The Centers for Disease Control and Prevention confirmed Tuesday afternoon that a 45-year-old woman in Virginia who died within two weeks of receiving a Johnson & Johnson vaccine on March 6 is part of their ongoing investigation into possible side effects from the one-shot dose.
Of the six cases prompting the federal agency to halt J&J vaccinations Tuesday morning, the Virginia woman is the only reported death.
The Vaccine Adverse Event Reporting System, a public database tracking reactions that occur following vaccinations, also lists the Virginia woman as the state's only death following a J&J shot. The link does not mean causation.
About 184,000 of the one-shot doses have been administered in Virginia since the first shipment in late February.
Reports in the federal system can come from health care providers or be self-submitted. The Virginia Department of Health said in a statement no additional details outside of the database will be provided during the investigation.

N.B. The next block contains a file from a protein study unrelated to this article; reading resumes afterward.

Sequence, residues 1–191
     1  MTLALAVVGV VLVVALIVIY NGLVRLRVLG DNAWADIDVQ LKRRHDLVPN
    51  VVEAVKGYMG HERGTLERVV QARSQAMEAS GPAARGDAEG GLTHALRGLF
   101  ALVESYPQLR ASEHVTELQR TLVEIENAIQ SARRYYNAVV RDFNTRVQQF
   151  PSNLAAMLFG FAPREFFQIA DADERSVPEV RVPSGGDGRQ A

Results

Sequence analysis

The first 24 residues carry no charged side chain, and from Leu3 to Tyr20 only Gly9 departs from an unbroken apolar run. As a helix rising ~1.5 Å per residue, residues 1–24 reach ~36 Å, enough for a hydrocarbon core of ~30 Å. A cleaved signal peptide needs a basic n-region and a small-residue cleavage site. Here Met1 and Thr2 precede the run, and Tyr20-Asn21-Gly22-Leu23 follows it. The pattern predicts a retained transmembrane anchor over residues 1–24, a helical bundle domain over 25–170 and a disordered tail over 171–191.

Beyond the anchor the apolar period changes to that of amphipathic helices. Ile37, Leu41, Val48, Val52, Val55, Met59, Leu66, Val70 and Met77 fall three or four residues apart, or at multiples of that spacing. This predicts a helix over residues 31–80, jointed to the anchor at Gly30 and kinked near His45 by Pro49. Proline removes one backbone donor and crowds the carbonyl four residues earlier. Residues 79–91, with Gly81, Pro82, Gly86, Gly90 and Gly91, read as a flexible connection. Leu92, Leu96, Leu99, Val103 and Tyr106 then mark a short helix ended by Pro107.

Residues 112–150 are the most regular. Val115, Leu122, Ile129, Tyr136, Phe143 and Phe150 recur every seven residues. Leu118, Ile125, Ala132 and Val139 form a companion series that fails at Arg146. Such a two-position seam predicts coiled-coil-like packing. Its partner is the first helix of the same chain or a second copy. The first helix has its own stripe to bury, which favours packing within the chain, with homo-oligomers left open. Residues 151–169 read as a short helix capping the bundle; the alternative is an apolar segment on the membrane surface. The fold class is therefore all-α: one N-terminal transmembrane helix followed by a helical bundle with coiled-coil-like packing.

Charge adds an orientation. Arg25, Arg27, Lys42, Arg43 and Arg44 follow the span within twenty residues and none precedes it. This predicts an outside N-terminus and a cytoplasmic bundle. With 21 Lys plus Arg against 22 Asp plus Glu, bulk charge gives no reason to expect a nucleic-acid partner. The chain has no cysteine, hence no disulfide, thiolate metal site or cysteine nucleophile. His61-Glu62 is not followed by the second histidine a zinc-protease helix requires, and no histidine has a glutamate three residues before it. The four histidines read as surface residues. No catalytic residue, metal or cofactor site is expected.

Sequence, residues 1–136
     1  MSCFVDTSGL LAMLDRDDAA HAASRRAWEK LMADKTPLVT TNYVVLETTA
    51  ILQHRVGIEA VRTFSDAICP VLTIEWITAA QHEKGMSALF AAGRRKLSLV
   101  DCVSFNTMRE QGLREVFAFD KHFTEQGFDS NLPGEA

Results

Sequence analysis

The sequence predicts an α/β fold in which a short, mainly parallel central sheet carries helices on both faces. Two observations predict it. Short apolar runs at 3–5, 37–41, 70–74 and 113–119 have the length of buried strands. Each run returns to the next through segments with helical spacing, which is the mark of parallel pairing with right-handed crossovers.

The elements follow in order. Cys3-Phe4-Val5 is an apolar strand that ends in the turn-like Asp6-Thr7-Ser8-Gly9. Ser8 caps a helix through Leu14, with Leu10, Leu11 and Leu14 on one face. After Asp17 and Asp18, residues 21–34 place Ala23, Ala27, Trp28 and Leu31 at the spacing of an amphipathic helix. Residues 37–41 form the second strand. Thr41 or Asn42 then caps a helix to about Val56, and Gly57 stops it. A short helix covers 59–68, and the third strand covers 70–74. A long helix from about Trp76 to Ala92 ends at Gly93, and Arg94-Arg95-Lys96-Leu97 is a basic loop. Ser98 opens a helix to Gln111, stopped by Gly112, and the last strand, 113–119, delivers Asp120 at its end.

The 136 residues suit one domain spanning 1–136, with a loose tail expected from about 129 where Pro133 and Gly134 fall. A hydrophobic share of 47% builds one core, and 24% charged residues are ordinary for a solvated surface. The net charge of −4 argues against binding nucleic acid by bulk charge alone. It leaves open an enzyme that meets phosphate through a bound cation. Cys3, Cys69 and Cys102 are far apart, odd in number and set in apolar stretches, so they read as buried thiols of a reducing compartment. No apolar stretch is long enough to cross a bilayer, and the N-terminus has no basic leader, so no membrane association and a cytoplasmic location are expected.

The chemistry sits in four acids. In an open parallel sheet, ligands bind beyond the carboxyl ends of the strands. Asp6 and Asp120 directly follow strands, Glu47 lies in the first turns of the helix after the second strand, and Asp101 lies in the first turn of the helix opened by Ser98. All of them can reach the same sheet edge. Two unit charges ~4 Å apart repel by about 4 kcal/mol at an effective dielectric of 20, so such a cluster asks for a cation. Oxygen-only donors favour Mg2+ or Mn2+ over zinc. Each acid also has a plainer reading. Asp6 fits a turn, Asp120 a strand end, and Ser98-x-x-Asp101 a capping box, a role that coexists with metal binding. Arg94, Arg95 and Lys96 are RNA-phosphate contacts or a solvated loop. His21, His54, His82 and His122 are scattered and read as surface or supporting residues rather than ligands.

Dr. Danny Avula, the state's vaccine coordinator, said the death was flagged by someone on the Virginia Department of Health team due to similarities to the six cases currently being investigated.
All six are women between the ages of 18 and 48 who developed a rare blood clotting disorder known as cerebral venous sinus thrombosis, which mirrors a severe stroke, within 6 to 13 days of receiving a J&J vaccine.
Federal health officials have yet to draw any definitive links or announce whether there are more cases. But the potential reaction remains rare - a 0.0008% possibility on national level and a 0.0005% chance statewide.
Avula could not say where the woman lived or her age and said he's expecting a call from the federal government for more information.
The CDC's VAERS system notes the woman who died began having headaches six days following vaccination then was hospitalized once the headache worsened and she had started dry heaving. A head CT scan showed hemorrhaging expanding up to 1.6 centimeters and eventually, cortical vein thrombosis, as listed in the six other cases.
She died on March 18, 12 days after receiving a dose administered by a school.
VAERS does not list any known allergies or underlying medical conditions other than depression.
Avula said that for anyone who received J&J and is more than a month out from their shot, there is likely minimal risk but emphasized if residents are experiencing headaches, abdominal or leg pain and shortness of breath to immediately contact their health care provider or seek medical attention.
The CDC's Advisory Committee on Immunization Practices will discuss the significance of the existing cases and whether the pause should be extended or dropped on Wednesday.